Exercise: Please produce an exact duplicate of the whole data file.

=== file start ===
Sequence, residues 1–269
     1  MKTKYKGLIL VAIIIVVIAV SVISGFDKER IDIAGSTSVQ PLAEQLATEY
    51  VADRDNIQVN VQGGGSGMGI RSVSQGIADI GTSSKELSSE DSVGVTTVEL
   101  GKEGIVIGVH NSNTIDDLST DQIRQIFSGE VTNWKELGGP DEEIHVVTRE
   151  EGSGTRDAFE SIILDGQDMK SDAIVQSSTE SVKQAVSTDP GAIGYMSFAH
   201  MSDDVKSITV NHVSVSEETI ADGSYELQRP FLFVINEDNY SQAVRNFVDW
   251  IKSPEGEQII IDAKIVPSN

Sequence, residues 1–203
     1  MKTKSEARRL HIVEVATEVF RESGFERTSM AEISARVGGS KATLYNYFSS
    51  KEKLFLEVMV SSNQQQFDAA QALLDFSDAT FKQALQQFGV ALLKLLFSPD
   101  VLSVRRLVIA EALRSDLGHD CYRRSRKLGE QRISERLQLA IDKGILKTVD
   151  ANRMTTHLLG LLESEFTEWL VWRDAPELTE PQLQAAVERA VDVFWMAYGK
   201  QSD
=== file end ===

Sequence, residues 1–269
     1  MKTKYKGLIL VAIIIVVIAV SVISGFDKER IDIAGSTSVQ PLAEQLATEY
    51  VADRDNIQVN VQGGGSGMGI RSVSQGIADI GTSSKELSSE DSVGVTTVEL
   101  GKEGIVIGVH NSNTIDDLST DQIRQIFSGE VTNWKELGGP DEEIHVVTRE
   151  EGSGTRDAFE SIILDGQDMK SDAIVQSSTE SVKQAVSTDP GAIGYMSFAH
   201  MSDDVKSITV NHVSVSEETI ADGSYELQRP FLFVINEDNY SQAVRNFVDW
   251  IKSPEGEQII IDAKIVPSN

Sequence, residues 1–203
     1  MKTKSEARRL HIVEVATEVF RESGFERTSM AEISARVGGS KATLYNYFSS
    51  KEKLFLEVMV SSNQQQFDAA QALLDFSDAT FKQALQQFGV ALLKLLFSPD
   101  VLSVRRLVIA EALRSDLGHD CYRRSRKLGE QRISERLQLA IDKGILKTVD
   151  ANRMTTHLLG LLESEFTEWL VWRDAPELTE PQLQAAVERA VDVFWMAYGK
   201  QSD